|Duration||19 January 1995– 31 December 1995|
|Number of official events||36|
|Most wins||3 – Sam Torrance|
|Order of Merit||Colin Montgomerie|
|Golfer of the Year||Colin Montgomerie|
|Sir Henry Cotton rookie of the year||Jarmo Sandelin|
The table below shows the 1995 European Tour schedule which was made up of 36 tournaments counting for the Order of Merit, and several non-counting "Approved Special Events". There were few changes from the previous season, with the addition of the South African PGA Championship, and the loss of the Open V33 Grand Lyon and the Belgian Open. In addition, the Extremadura Open was originally scheduled but later cancelled.
- The numbers in parentheses after the winners' names show the number of official career wins they had on the European Tour up to and including that event. Totals are only shown for members of the European Tour and are inclusive of the three United States-based major championships since, although not official tour events at the time, they have been recognised as such retrospectively. Victories in "Approved Special Events" are not recognised as official tour wins.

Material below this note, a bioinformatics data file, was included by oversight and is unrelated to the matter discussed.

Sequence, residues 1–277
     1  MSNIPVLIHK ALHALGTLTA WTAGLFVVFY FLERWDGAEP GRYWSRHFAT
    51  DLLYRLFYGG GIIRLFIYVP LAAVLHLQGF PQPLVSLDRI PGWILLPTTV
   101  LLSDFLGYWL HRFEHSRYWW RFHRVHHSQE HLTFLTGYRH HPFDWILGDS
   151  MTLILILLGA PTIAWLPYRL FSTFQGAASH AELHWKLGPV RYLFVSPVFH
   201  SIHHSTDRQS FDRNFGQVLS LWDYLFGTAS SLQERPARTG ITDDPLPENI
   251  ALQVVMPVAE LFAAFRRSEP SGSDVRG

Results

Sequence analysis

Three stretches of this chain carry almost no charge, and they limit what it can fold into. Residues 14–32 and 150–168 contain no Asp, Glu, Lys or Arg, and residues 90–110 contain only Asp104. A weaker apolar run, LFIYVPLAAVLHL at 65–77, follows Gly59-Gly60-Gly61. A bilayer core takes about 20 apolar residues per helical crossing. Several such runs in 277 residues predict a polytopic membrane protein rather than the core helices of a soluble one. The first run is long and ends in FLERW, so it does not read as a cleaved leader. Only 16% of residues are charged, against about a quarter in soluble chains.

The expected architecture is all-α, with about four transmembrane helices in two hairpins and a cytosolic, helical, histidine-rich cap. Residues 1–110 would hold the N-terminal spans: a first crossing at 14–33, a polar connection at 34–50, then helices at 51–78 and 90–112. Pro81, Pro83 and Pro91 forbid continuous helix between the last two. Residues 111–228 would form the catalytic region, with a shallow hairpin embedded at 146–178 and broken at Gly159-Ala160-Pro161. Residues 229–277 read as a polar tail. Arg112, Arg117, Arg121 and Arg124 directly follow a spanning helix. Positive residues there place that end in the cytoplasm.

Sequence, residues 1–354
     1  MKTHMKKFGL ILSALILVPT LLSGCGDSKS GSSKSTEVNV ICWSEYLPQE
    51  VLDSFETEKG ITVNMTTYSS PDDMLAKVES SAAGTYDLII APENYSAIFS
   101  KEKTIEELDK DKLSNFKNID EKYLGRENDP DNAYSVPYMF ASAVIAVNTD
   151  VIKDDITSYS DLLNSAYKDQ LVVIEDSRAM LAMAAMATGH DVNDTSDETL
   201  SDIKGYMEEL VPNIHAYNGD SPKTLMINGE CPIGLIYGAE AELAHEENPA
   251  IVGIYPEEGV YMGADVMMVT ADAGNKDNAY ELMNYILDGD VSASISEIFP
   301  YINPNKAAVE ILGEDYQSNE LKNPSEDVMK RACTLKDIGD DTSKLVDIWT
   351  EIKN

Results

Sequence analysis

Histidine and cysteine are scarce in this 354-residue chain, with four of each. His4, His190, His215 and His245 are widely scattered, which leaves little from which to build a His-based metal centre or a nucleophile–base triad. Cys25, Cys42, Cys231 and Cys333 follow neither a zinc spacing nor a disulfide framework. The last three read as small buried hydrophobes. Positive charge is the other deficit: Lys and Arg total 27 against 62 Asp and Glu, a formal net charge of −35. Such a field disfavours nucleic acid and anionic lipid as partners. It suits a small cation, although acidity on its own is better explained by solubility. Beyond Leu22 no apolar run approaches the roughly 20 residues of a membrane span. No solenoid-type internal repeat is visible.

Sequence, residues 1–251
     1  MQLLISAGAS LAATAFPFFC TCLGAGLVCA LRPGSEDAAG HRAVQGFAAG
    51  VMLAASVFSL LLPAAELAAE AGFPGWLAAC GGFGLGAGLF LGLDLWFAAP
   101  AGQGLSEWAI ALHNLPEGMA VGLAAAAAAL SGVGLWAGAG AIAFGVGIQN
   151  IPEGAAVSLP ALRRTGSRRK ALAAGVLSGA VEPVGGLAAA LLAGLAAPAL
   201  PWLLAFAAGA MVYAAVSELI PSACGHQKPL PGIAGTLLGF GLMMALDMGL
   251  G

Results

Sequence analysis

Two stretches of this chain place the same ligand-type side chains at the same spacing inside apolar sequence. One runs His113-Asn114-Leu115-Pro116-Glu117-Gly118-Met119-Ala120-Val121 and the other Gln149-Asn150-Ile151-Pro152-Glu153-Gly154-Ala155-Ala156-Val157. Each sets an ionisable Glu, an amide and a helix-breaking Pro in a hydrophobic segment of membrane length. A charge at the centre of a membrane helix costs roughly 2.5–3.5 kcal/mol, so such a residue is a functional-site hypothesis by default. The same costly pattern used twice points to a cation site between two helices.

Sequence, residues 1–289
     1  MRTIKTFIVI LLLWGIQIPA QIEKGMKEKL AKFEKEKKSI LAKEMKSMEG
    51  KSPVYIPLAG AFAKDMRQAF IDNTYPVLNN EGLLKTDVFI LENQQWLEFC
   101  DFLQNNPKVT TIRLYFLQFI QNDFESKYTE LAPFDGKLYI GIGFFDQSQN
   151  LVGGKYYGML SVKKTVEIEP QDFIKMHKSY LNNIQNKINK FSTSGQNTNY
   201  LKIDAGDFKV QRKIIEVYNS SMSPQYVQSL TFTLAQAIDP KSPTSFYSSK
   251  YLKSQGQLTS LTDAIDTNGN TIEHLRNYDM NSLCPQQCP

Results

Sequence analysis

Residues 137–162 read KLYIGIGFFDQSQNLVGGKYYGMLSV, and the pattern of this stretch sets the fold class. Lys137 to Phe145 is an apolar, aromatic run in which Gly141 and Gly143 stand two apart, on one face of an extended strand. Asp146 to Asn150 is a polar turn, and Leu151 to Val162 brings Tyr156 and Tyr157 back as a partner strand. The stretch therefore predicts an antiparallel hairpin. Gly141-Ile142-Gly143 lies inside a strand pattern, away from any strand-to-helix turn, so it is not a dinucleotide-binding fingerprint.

Order of Merit
|Position||Player||Country||Prize money (£)|
|5||Michael Campbell||New Zealand||400,977|
|European Tour Golfer of the Year||Colin Montgomerie||Scotland|
|Sir Henry Cotton Rookie of the Year||Jarmo Sandelin||Sweden|
- "Tour History". PGA European Tour. Archived from the original on 4 April 2010. Retrieved 21 June 2013.
- Hopkins, John (30 October 1995). "Montgomerie gets title on merit to deprive Torrance". The Times. p. 24. Retrieved 2 May 2020 – via The Times Digital Archive.
- "The Times calendar of sport 1995 | Golf". The Times. 30 December 1994. pp. 32–33. Retrieved 2 May 2020 – via The Times Digital Archive.
- "Clarke leads way". Irish Independent. 29 March 1995. p. 17. Retrieved 2 May 2020 – via British Newspaper Archive.
- "Events | European Tour | 1995". Official World Golf Ranking. Retrieved 30 April 2020.
- "Glen Dimplex sponsor golf". Drogheda Independent. Drogheda, Leinster, Republic of Ireland. 4 August 1995. p. 25. Retrieved 2 June 2020 – via British Newspaper Archive.